Abu Muslim Rebels Against al-Mansur
When we left the story, it was perhaps late 754, and a conflict was brewing between the second caliph of the Abbasid dynasty, al-Mansur, and his minister, the old revolutionary Abu Muslim. Al-Mansur had his seat in Anbar in Iraq about a decade before the founding of Baghdad. He also ruled what is now Iran, including its eastern reaches of Khurasan (stretching into what is now Uzbekistan and Central Asia, as well as parts of Afghanistan).
Al-Mas’udi, a later historian and traveler who grew up in Baghdad (“the Herodotus of the Arabs”), tells the rest of the tale:
When he had resolved to revolt against Al-Mansur, Abu Muslim left Iraq, and set out for Khurasan [eastern Iran, as governor]; while on his part Al-Mansur left Anbar, and encamped near the city of Rumiyah. From thence he sent the following message to Abu Muslim: “I wish to consult you on matters which can not be confided to a letter; come here, and I shall not detain you long.”
Abu Muslim read the letter, but would not go. Al-Mansur then sent to him Jarir, son of Yazid, the most accomplished diplomat of his time, who had already made the acquaintance of Abu Muslim in Khurasan.
When Jarir came into Abu Muslim’s presence, he addressed him as follows: “My lord, you have fought hitherto faithfully for the Abbasids (Al-Mansur’s family); why should you now turn against them? No information has reached the Caliph which should inspire you with any sort of fear; you have really, in my belief, no reason to pursue this line of conduct.”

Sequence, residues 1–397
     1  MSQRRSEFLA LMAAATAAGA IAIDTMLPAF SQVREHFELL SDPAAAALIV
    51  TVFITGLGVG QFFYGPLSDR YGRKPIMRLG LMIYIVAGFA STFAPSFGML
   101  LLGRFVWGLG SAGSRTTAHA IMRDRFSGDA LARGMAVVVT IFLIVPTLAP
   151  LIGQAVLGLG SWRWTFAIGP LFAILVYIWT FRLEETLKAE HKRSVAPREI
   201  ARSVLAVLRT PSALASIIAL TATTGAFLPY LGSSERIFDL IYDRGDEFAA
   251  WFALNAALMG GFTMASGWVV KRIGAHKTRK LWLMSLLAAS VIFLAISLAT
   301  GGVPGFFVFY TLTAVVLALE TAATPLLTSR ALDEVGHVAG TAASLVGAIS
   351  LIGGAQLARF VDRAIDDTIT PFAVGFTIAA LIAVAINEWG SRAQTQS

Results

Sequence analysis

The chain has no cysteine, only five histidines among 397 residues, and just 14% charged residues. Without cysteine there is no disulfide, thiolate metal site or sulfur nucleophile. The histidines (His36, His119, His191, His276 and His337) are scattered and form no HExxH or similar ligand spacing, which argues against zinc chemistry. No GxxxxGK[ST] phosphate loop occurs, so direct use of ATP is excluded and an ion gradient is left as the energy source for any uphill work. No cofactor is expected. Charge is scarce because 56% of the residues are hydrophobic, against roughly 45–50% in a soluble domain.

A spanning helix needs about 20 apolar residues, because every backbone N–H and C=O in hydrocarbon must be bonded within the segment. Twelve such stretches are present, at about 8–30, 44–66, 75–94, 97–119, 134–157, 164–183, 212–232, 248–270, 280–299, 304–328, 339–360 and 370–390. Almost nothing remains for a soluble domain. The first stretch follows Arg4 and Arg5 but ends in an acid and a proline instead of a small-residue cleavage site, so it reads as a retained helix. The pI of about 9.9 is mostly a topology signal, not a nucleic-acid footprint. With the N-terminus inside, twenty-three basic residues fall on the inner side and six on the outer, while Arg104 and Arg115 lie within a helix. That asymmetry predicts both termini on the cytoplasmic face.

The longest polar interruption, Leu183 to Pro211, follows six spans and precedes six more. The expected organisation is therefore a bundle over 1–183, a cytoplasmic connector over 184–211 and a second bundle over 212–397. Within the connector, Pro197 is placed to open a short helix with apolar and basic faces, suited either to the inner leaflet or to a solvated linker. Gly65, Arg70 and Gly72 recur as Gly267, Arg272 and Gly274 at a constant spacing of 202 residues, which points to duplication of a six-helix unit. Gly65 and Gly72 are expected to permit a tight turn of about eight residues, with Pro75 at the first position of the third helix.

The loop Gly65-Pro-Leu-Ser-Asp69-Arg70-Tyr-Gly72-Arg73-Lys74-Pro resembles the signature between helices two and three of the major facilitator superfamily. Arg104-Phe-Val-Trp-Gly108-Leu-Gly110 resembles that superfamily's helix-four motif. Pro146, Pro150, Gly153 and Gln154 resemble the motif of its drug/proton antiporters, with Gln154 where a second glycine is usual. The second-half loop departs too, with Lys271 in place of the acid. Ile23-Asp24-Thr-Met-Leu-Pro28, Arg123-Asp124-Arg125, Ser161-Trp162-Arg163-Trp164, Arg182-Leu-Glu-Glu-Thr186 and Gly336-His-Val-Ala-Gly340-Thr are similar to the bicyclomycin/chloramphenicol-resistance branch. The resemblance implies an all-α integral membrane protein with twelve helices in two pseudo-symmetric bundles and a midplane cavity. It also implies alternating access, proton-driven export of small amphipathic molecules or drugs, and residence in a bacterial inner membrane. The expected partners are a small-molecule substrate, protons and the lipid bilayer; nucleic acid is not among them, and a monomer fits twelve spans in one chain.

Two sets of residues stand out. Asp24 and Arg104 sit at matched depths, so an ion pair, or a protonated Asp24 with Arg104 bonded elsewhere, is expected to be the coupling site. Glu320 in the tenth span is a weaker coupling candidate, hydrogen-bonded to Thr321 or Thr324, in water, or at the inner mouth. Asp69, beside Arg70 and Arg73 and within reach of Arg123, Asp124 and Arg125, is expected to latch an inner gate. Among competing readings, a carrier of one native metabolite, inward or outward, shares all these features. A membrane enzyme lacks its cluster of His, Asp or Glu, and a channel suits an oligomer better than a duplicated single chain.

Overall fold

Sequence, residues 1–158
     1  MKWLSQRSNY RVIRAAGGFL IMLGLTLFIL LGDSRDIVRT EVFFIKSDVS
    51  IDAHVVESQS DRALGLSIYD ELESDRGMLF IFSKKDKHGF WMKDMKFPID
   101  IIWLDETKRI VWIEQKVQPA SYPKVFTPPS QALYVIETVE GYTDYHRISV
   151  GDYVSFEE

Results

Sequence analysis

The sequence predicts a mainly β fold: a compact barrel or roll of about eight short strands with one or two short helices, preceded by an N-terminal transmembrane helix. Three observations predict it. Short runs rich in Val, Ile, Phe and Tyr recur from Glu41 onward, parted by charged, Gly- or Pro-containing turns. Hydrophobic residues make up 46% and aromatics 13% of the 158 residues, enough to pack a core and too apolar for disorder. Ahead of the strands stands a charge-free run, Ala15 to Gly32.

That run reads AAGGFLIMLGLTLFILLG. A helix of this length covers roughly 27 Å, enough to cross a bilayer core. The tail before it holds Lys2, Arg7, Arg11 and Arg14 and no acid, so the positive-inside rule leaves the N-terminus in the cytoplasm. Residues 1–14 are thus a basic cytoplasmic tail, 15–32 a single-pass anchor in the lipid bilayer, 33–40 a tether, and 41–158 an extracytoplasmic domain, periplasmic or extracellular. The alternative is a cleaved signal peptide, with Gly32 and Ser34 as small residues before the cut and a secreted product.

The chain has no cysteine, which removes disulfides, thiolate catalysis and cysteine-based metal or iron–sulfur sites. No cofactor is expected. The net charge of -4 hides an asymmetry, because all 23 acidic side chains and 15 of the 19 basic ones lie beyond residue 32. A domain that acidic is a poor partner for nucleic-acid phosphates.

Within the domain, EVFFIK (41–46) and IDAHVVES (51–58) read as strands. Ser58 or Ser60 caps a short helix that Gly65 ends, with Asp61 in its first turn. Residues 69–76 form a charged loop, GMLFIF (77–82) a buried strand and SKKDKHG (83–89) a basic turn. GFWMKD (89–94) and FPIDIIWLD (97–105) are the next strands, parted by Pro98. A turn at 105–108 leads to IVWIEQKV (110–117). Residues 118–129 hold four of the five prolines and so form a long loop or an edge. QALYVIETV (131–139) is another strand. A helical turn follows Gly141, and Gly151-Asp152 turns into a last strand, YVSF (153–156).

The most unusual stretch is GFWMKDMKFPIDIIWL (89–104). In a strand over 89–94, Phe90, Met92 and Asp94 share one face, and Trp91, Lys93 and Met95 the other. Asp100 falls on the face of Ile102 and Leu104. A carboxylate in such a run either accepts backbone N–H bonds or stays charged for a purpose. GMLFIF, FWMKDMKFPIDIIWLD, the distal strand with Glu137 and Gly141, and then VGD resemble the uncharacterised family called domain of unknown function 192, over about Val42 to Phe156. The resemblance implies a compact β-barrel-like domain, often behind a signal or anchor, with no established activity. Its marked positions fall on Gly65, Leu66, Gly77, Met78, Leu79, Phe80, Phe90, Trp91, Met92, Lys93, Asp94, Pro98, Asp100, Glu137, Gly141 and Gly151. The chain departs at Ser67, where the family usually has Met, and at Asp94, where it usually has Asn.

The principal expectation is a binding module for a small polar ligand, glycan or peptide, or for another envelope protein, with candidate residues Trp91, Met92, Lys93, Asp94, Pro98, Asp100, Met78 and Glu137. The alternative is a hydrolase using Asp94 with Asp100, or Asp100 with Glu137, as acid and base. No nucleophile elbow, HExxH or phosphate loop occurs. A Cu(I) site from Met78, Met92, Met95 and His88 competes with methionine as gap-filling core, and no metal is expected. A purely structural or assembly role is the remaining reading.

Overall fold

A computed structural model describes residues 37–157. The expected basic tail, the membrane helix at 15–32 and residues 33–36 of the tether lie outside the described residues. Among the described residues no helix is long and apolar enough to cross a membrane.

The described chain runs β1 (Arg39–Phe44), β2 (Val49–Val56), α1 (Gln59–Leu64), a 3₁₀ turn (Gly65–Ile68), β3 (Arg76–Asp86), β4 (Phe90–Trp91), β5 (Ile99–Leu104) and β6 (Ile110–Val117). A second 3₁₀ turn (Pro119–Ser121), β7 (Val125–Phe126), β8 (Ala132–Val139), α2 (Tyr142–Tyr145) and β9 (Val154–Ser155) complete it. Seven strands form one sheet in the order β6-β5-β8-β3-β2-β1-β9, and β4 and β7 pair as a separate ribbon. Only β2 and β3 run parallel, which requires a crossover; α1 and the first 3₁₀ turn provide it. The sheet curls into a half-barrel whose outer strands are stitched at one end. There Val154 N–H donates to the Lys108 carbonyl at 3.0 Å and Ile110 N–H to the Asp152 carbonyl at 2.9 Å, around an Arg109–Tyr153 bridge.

Abu Muslim was on the point of promising to return with him, when one of his intimates pressed him not to do so. “My friend,” the chief answered him, “I can resist the suggestions of the devil, but not those of a man like this.” And in fact Jarir did not cease his persuasions till he had induced him to proceed to the Caliph.
Abu Muslim had consulted astrologers, who told him that he was to destroy a dynasty, create a dynasty, and be slain in the land of Rum [Rome, i.e. the Byzantine Empire]. Al-Mansur was then at Rumaiyat al-Mada’in, a place founded by one of the Persian kings, and Abu Muslim never suspected that he should meet with his death there, as he fancied that it was Asia Minor which was meant by the oracle. On entering into Al-Mansur’s presence, he met with a most favorable reception, and was then told to retire to his tent;
But the Caliph only waited a favorable opportunity to take him unawares. Abu Muslim then rode a number of times to visit Al-Mansur, whose manner appeared less cordial than before. At last he went to the palace one day, and, being informed that the Caliph was making his ablutions prior to his prayers, sat down in an antechamber. In the meanwhile Al-Mansur had posted some persons behind a curtain near to the sofa where Abu Muslim was sitting, with the orders not to appear ’till the Caliph clapped his hands. On this signal they were to strike off Abu Muslim’s head.
Al-Mansur then took his seat on the throne, and Abu Muslim, being introduced, made his salutation, which the Caliph returned. Al-Mansur then permitted him to sit, and, having commenced the conversation, proceeded to level sundry reproaches against him. “You have done this,” said he, “and you have done that.”
“Why does my lord speak so to me,” replied Abu Muslim, “after all my efforts and services?”
“Son of a prostitute!” exclaimed Al-Mansur, “you owe your success to our own good fortune. Had an Abyssinian slave been in your place, she would have done as much as you! Was it not you who sought to obtain in marriage my aunt, Aasiya, pretending indeed that you were a descendant of Salit, the son of Abdallah Ibn Abbas? You have undertaken, infamous wretch to rise to a level you cannot reach.”